The figure’s boot lashed out, slamming into Qui-Gon’s chin. His head snapped back, but he didn’t yet lose consciousness. He heard screams, the humm and hiss of a lightsaber. The screams grew louder, the sound of a struggle, and then …
He came to with a furry hand on his forehead. A gruff voice said, “My friend, are you alive?” Qui-Gon blinked, and it all came rushing back.
He sat up, swallowed his sick, and looked up into a Gungan’s face. Not just any Gungan. JarJar, whose bruises had discolored into green and purple splotches. Qui-Gon grunted a question because he didn’t trust his stomach not to upend itself if he opened his mouth.
JarJar understood. “I heard the noise. I ran as fast as I could and found you here.”
Proof that JarJar had been tracking them. Qui-Gon gestured for the Gungan to help him stand. Once on his feet, Qui-Gon took several deep breaths, touched the lump on the back of his head, and then staggered to the inner chamber. The lights highlighted the excoriations on the cave walls, the kind made by a lightsaber, bootprints and what looked like shoes being dragged against her will. When he entered the inner chamber, the handmaidens were unconscious on the ground, two of them crumpled against a wall, the other two having black slashes across their chests. Qui-Gon knelt over the unconscious ones, checked the pulse at their wrists. Alive.
Heavy footfalls made him turn. A voice said, “We saw a starfighter take off. What — ?” and then Captain Panaka, Headmaster Dannt, and those who had gone out flooded into the chamber, drew their weapons and pointed them at JarJar.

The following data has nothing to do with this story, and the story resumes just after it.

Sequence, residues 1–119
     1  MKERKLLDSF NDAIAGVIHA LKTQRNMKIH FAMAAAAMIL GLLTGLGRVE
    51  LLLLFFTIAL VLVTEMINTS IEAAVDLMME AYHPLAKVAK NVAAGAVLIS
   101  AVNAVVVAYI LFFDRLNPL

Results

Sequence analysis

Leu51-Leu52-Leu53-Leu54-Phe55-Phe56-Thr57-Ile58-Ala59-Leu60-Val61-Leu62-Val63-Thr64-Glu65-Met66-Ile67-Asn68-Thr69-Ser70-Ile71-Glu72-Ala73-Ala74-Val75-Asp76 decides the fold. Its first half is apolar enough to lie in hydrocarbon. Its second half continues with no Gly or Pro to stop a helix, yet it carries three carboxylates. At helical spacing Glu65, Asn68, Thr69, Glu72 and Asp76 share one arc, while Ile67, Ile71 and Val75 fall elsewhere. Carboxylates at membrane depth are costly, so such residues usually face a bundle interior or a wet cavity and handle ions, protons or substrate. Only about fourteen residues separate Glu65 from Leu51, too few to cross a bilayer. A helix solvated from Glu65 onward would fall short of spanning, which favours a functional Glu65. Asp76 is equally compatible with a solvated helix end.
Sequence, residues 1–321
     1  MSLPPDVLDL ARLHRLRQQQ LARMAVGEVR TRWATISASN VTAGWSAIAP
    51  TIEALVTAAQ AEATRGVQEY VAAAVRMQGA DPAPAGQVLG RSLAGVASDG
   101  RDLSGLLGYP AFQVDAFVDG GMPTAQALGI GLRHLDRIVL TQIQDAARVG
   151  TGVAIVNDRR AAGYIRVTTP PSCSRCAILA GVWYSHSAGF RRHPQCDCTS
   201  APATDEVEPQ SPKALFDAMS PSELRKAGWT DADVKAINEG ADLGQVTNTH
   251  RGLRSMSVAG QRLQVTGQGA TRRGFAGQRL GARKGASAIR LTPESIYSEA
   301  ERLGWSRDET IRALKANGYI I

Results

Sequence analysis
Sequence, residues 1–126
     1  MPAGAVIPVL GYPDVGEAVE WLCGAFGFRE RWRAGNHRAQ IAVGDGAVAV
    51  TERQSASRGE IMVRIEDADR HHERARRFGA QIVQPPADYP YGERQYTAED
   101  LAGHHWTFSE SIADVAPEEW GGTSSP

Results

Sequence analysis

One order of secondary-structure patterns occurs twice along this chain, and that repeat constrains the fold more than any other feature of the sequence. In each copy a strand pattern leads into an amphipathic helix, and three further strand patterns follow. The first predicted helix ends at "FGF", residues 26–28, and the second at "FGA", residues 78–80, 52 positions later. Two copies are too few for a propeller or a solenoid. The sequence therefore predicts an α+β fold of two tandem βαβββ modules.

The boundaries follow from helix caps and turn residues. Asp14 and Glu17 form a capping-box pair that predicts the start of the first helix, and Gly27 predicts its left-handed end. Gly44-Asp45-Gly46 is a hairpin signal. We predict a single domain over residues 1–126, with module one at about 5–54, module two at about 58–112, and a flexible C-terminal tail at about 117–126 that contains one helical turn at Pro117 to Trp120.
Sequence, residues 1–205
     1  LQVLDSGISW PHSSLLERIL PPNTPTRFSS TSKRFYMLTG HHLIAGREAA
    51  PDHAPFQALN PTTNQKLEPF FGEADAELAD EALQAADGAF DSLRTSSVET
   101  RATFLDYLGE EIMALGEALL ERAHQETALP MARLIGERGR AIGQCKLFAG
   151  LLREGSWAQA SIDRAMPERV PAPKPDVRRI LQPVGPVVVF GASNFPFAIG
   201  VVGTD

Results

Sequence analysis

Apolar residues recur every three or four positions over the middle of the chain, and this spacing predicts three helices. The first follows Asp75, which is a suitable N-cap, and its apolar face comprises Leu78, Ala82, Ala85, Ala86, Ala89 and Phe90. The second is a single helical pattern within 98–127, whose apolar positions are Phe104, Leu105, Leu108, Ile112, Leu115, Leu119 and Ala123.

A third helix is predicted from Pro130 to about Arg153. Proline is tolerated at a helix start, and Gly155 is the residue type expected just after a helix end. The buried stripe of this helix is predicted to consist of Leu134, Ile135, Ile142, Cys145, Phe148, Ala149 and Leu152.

Qui-Gon lurched to his feet, putting himself between the Naboo and the Gungan. “Weapons down, Captain.”
Captain Panaka’s dark eyes flickered from corner to corner, though his blaster never wavered. “Where’s the Queen?”
The question Qui-Gon had not allowed himself to face. The dark presence, the figure in the black robe, had taken Queen Amidala.
Qui-Gon should have listened to the Force, to wait and see. He would never forgive himself.
Headmaster Dannt, Dané, and the idea that a teacher is one of the leaders of the Naboo Underground came directly from a role-playing game where these characters were first introduced. Wookieepedia FTW!
Chapter 7: " ... like your father did."
Obi-Wan dusted the sand from his hair — sand got everywhere — and disembarked Anakin’s hanno speeder. The lanky young man had parked close to where he knew the N-1 starfighters to be buried, and had brought along two shovels and a sand blower strapped to the speeder’s back panel.
Obi-Wan shucked his robe and grabbed a shovel while Anakin set up the blower. His plan, as he explained it, “is to not dig straight down, but create a pit of concentric circles so we can climb back up when we’re finished. And for you to clear any excess sand so we’re not digging our way out again.” He pointed the sand blower away from the hanno speeder, pulled the cord, and let it run.
The blower’s clattering rumble punctuated their movements. Anakin angled the sand blower in a circle while Obi-Wan dutifully shoveled excess sand to the side. They dug deeper and deeper until the dry air evaporated the moisture inside him and Obi-Wan’s head felt like a furnace. He called for a break. Sitting on the hanno’s hood, Anakin was painted in sand, and Obi-Wan figured he must look it, too. They passed Anakin’s water skin back and forth, the sips slacking his thirst, except many of the sips were as salty as the sand.